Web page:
The Fender Precision Bass Elite II was manufactured for just a few years, the final years, I believe, of the period Fender spent under CBS control, something like 1982-1984. Mine is a 1983.
I'll just assume you know what a Precision Bass is. The Elite series was Fender's flagship line in the mid-eighties, and there were Elite Strats, Teles, and P-Basses, each of which had it's own differences from the standard, non-elite models.
The P-Bass Elite differed from the regular ol' P-Bass in that it had active pickups (powered by a 9v battery you access from the back), a high-mass bridge, and fine-tuning knobs in the bridge.
The P-Bass Elite II differed from the P-Bass Elite I in that it had two split-coil pickups rather than just one, as is common to most P-Basses. It also had a slightly different control layout in order to accommodate the second pickup.
The idea of the two pickup configuration was that people could decide between a normal P-Bass sound (neck pickup) a Jazz Bass sound (both pickups) or a treble-heavy almost guitar-like sound (bridge pickup).
The control configuration featured three knobs and two three-way toggle switches. Each pickup has independent volume, then there is a master tone control. The first toggle switch is a standard pickup selector switch (bridge, both, or neck). The other toggle switch is weirder. Essentially, it assigns the bass's single tone control to either or both pickups. So in theory you could have both pickups on, but turn the tone knob down on only one of them.
I shouldn't really say "in theory" because it actually works that way in practice, too. The only problem is there's not really much use for this much versatility.
The best thing about this bass is definitely the tone. It sounds amazing! The eighties Fenders have a bad reputation, because the company cut corners on many of their models at that time, but the whole idea of the Elite series is that they would still be offering some top-shelf product worthy of the Fender name. What's more, because these products are associated with the bad old says at Fender, you can usually get them for much less money then a worse-sounding, worse-playing seventies model.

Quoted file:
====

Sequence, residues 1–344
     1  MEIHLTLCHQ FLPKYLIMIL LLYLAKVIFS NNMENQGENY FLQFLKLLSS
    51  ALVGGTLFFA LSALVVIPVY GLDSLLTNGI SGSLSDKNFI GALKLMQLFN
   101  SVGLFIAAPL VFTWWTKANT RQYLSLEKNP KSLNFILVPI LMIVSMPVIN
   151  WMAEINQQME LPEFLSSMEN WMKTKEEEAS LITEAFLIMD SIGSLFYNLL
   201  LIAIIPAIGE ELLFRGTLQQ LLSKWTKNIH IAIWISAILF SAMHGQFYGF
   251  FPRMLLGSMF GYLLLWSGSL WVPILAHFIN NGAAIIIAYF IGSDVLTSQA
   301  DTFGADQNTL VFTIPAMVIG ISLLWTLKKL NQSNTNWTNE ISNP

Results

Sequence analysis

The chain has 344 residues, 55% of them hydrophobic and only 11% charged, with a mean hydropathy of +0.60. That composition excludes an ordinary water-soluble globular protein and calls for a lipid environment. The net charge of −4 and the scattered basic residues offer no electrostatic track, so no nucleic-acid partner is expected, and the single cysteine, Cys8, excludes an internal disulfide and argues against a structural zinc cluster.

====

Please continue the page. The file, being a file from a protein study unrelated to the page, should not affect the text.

Downside of the bass is: it weighs A TON! If you play it sitting down, or in the studio, no problem. If you play it standing up, be prepared to play for only an hour or so, or you'll have a bad back. I'm serious. I think the heaviness of the bass contributes to its awesome sound, but it's a trade-off, for sure.
Also, it's got a very eighties look to it. If that's your thing, cool, but this is not the kind of "timeless" design of the 1960s-style P-Bass.
The bridge pickup by itself doesn't really do anything for me, but the neck pickup and both pickups together make two different and equally wonderful sounds. I wouldn't really say that the two-pickups-together sound reminds me of a J-Bass, it's more like half-way between a P- and a J-Bass sound, but it's a great sound, and the neck pickup alone is one of the best P-Bass sounds out there. Full, rich, thumpy, thick, crisp, detailed, awesome. The on board preamp does wonders for the sound. So much better than any other post-1970 P-Bass I've played.
It's also quite playable. I'm more of a J-Bass fan when it comes to playability, but this has a nice, P-Bass style neck. Despite the awesome neck, I deduct a few points for playability because it's so heavy.
One last note, this bass stays in tune better than any other guitar or bass I've ever used. It will stay in tune for weeks, where my other bass has to be tuned every time I play it.
My philosophy on basses (and on guitars, too) is that you should have, at least, one Fender and one non-Fender instrument. This is my Fender bass (my other bass is a Ric) and it's the only one I think I'll ever need. It sounds enough like a J-Bass that it can get away with passing for when when it's playing with a full band. It's P-Bass sound is unreal.
For a long time, people basically thought of a P-Bass whenever they thought of an electric bass. If you've got one of those cool 1970s tube bass amps, chances are it was designed around the P-Bass sound. After I got my dream Ampeg rig, I realized that my Ric, as great as it was, was not the bass the amp was designed to compliment, and so I decided to buy a Fender. If I were rich I probably would have bought a mid-sixties J-Bass, but as it is I got this for less than 1K, and I'm 100% happy with it.